Managers’ experiences of internal HR audits - A case study of follow-ups within the field of competence development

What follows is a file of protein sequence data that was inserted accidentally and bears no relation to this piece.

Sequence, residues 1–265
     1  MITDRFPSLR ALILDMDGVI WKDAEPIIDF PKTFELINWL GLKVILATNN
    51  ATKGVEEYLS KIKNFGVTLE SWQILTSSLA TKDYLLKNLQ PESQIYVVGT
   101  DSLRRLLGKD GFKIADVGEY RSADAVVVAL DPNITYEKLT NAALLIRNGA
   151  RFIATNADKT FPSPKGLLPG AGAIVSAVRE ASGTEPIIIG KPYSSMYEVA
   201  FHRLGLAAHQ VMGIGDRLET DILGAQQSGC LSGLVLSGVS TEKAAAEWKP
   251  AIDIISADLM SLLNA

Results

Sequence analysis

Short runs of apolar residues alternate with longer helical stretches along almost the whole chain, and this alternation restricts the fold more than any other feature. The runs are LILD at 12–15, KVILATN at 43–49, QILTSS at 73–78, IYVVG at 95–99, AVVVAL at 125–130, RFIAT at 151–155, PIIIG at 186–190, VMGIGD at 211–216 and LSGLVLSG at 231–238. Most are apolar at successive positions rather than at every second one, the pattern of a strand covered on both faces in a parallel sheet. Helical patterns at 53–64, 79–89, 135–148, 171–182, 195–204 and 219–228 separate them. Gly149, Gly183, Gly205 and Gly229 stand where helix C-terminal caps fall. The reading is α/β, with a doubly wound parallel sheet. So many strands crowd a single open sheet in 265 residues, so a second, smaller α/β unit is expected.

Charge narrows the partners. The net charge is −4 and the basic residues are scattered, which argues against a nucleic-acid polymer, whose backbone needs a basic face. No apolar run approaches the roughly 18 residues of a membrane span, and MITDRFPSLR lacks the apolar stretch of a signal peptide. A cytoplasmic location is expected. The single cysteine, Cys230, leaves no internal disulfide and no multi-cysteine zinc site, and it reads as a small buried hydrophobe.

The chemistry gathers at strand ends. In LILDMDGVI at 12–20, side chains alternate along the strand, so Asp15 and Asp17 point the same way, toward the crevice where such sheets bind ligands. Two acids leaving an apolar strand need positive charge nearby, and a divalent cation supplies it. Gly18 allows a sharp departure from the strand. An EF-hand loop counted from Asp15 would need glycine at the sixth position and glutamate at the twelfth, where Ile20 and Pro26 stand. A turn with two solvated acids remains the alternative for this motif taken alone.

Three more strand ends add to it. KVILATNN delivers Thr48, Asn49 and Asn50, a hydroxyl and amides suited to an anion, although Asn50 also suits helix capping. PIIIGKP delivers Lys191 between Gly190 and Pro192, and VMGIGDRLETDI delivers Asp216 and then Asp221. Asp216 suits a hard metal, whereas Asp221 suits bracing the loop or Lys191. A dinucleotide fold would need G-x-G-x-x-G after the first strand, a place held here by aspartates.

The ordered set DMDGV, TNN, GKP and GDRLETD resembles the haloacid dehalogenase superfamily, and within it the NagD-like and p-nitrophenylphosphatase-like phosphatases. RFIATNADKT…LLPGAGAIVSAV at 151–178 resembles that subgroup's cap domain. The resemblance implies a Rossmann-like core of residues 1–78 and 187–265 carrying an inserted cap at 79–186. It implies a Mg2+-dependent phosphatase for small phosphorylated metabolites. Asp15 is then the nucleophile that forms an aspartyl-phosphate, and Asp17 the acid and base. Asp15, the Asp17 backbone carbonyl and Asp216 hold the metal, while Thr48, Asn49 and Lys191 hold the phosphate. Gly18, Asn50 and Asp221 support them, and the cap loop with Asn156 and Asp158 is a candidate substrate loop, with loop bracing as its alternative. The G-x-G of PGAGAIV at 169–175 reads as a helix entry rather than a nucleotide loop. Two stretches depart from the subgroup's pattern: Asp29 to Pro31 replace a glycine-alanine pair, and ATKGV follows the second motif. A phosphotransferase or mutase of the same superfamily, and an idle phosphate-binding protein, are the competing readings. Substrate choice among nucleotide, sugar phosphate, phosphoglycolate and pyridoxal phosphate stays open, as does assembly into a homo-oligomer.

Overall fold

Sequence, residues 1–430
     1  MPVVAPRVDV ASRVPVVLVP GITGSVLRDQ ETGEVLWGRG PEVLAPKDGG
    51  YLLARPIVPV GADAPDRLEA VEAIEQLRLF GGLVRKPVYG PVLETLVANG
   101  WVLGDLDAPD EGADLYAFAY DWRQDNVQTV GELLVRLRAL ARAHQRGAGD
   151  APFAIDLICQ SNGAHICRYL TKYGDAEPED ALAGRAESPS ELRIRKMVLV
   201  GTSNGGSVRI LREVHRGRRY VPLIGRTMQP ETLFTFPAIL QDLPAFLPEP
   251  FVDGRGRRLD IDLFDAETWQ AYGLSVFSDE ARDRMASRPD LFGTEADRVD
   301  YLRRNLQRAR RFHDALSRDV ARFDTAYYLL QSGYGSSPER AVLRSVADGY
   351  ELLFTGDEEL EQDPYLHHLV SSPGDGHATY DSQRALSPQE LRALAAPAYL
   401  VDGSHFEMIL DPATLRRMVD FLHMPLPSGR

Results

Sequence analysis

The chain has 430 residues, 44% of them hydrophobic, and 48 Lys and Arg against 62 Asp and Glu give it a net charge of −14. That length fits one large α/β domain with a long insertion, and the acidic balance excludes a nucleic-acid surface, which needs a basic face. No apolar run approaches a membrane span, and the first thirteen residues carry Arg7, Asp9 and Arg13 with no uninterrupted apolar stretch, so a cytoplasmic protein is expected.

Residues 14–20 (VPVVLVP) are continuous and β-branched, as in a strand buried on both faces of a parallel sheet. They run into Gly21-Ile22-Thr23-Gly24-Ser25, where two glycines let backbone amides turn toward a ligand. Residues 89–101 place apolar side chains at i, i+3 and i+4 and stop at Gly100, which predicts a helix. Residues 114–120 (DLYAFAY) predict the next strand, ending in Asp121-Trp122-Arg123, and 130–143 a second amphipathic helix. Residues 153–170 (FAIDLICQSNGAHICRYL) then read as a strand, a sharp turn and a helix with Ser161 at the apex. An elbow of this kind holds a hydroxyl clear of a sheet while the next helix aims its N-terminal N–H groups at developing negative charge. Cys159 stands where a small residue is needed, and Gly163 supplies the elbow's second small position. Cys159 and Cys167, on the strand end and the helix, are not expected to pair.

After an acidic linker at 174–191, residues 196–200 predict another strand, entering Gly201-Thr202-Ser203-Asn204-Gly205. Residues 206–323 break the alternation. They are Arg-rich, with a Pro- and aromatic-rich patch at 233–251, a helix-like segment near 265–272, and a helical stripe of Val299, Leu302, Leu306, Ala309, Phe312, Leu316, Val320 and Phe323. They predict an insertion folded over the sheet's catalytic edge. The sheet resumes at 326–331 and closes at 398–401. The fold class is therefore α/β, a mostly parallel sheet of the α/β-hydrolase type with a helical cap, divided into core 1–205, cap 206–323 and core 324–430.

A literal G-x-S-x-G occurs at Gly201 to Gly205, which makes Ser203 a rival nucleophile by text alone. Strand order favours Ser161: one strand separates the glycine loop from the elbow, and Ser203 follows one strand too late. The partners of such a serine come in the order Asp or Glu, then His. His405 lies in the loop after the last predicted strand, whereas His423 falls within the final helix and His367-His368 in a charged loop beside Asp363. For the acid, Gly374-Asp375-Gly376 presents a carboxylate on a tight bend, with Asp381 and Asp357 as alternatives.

Purpose: The purpose of the study is to investigate managers' experiences of internal HR audit processes within a company. The main focus will be on the HR process within the area of competence development. Theory: The theoretical framework used is the new institutional theory which helps bring an understanding of determinants and shaping of HRM practices and the relation between an organisation and its environment. Decoupling and loose coupling are based on the relationship between institutionalized rules and individual or organisational actions which help understand the conformity of the case company to external pressures. Method: For the methodology a qualitative case study of managers within different departments in three facilities in a company has been chosen. 13 semi-structured interviews have been conducted. Result: The results showed mixed perceptions among the managers where managers were unfamiliar with the term HR audit. In addition, managers lacked commitment towards HR audits which turned out to be a neglected and downgraded task among the managers. They were also experiencing a gap between what is intended and implemented. The managers were unsatisfied with the existing tools and systems since they were not well-functioning. Instead they wanted to work more integrated and establish a common process. The challenges that appeared to impact the managers’ work with internal audits were the experienced lack of support as well as the adaptation to external changes.